Additional animal cast members. Other animals appearing on the show included a Chesapeake Bay Retriever named Spray (real name was Chobee from Okeechobee, Florida) (seen only in a few early episodes), a seal, a baby elephant, alligators, a female albino dolphin (whose baby Flipper fathered during her only appearance, in the "White Dolphin" episode); and another female dolphin, introduced at the end of the second season, dubbed "Lorelei" by the Ricks family. Lorelei became Flipper's "girlfriend".
Porter Ricks. Brian Kelly fills the show's moral center with his portrayal of Porter Ricks, a loving father, conscientious government employee, rugged outdoorsman, and all-around good guy. Porter is a widowed father with two sons, Sandy and Bud, and is employed as Chief Warden and Park Ranger at the fictional Coral Key Park and Marine Preserve in southern Florida. Kelly replaced Chuck Connors (the original Porter Ricks in the first movie Flipper) in the second movie Flipper's New Adventure although he was then only at Park Ranger training school. Reflecting on Porter being single, Brian Kelly told TV Guide (July 9, 1966): "I'm going to bring a couple of bikini girls on. I want some groovy-lookin' girls because a lot of fathers who see the show say, "Where are the chicks?". Porter's parenting style is firm yet fun as he involves his boys (particularly the older son Sandy) in his various exciting water borne tasks as Park Ranger all the while gladly allowing Flipper to befriend his sons and help with various crucial rescue efforts.
Sandy Ricks. Luke Halpin plays Porter's elder son Sandy. Sandy begins Season 1 as a 15-year-old outdoorsy athletic teenager sometimes given to boyish mishaps and poor choices (although usually more responsible than his impish younger brother Bud) and ends Season 3 as an 18-year-old old enough for adult responsibilities and duties. Sandy often accompanies his father on dangerous adventures and rescues at, and under the, sea. The character of Sandy is carried over from both the feature films (Halpin was the sole lead actor/character to appear in both movies AND the entire TV series), where he was the one who first met Flipper and became his special friend. Halpin became an expert diver and thus was able to perform the extensive water related scenes throughout the series largely without stunt doubles. Halpin's role as Sandy Ricks catapulted him to the rarefied atmosphere of teen super-stardom, a status bolstered by his frequent appearances in just cut-down blue jeans showing his tanned athletic swimmer's build, his trademark mop of blond hair and model-quality telegenic looks.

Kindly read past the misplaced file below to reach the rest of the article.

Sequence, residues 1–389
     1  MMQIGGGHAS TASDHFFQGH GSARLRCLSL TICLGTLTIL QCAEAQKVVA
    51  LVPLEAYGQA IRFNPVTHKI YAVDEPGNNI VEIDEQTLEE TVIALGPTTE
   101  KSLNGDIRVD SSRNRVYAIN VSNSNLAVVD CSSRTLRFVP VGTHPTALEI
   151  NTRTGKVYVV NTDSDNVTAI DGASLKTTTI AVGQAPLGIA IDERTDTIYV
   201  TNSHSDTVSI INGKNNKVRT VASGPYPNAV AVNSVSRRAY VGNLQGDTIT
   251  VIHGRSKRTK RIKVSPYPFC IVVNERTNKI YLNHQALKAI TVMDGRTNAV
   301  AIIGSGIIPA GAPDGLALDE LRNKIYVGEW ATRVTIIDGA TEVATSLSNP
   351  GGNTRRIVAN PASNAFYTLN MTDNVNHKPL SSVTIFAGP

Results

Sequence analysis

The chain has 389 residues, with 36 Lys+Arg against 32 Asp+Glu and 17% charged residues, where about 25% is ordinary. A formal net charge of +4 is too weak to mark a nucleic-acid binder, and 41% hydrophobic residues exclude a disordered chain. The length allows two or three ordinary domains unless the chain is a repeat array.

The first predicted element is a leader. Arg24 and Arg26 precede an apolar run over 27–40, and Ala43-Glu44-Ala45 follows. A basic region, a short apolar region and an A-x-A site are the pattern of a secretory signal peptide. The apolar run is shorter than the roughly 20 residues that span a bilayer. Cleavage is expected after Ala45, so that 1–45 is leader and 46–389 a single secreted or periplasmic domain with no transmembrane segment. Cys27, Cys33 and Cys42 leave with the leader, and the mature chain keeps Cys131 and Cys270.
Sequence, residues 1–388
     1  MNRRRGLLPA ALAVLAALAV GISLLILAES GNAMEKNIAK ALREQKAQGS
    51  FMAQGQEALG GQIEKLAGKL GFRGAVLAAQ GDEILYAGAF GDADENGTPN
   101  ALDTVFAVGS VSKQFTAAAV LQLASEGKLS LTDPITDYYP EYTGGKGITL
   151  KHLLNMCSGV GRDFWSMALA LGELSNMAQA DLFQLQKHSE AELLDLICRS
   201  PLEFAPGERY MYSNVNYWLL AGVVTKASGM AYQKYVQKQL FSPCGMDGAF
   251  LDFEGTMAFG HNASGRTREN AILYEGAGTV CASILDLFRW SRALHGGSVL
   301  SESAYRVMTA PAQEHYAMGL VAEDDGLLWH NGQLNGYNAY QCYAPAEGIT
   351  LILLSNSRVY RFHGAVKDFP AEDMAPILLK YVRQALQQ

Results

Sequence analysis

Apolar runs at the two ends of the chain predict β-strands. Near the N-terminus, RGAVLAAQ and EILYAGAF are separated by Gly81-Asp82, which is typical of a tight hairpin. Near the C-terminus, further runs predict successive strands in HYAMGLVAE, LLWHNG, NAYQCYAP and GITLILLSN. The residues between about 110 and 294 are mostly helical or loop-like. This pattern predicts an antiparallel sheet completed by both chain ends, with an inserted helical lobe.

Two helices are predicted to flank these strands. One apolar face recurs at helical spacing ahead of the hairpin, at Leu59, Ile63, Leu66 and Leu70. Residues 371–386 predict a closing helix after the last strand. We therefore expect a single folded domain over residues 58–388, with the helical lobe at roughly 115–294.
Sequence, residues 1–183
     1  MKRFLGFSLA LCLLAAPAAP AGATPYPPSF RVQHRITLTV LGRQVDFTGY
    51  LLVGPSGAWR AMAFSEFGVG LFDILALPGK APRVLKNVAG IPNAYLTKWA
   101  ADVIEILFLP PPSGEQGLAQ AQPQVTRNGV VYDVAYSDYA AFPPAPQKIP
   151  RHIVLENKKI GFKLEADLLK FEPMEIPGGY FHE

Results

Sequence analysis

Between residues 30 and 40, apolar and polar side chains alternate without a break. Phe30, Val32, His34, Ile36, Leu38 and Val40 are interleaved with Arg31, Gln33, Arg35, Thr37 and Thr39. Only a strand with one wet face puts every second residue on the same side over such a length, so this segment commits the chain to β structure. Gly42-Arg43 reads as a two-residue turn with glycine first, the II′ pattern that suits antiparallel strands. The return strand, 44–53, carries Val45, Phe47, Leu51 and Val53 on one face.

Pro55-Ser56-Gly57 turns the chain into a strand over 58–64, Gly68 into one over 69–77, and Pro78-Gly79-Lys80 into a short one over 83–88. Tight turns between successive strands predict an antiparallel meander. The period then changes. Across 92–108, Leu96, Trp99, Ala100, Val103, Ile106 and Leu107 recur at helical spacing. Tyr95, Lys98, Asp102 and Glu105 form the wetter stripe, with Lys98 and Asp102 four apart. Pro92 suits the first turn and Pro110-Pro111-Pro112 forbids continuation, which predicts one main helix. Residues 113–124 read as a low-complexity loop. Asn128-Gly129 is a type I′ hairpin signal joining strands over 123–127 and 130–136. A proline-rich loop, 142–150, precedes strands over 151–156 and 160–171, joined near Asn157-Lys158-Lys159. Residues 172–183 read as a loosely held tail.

Bud Ricks. Redheaded, freckle-faced Tommy Norden portrayed Porter Ricks's younger son. Bud (a character created specifically for the TV series) begins Season 1 as an impish 10-year-old boy who has a difficult time staying out of trouble. Many episodes revolve around mistakes made by Bud, intentionally or unintentionally, and his need to be rescued from the consequences. Bud is gullible and easily swallows the tall tales Hap Gorman feeds him. Bud is at home on or near the sea and loves animals of all sorts. Flipper is his special companion and he ends Season 3 as a 13-year-old able to do more of the work that his older brother Sandy does.
Hap Gorman, Veteran film, radio, and television character actor Andy Devine appeared five times in the show's first season as an old salt and marine carpenter named Hap Gorman. Hap was something of a bungler who tried Porter's patience. Hap, in the traditional vein for Andy Devine, enjoyed spinning yarns and tall tales about bejeweled maharajahs, faraway kingdoms and exotic ports for the amusement of skeptical Sandy and gullible Bud.
Ulla Norstrand. Swedish-born actress Ulla Strömstedt appeared twelve times in the second season as Ulla Norstrand, an oceanographer whose work frequently took her to Coral Key Park and Marine Preserve. She was often instrumental in enforcing the park's regulations. One of her trademarks was her miniature yellow submarine she was often seen using in her oceanographic explorations, and which was sometimes pivotal in storylines. She was a potential love interest for Porter Ricks, although no serious relationship was ever shown to develop.
Warden Ed Dennis was portrayed by Miami actor Dan Chandler. The recurring role of a Coral Key Park game warden was created by writer Maria K. Little, who needed a sidekick to play off of Porter Ricks. Dennis performed such sidekick chores as helping find a kidnapped Flipper and saving Porter Ricks from murderous lobster-poachers. Chandler also appeared in the feature films Flipper and Flipper's New Adventure.
Sheriff, also Old Man Coleman, were two roles portrayed by actor Eric Applewhite appearing in five episodes across all three seasons of the TV Series. His older brother George Applewhite apprised the role of Sheriff in the original feature film Flipper.
Flipper was notable for the casting of a number of guest actors, a good number who went on to stardom in later years or who had already had a stellar acting career.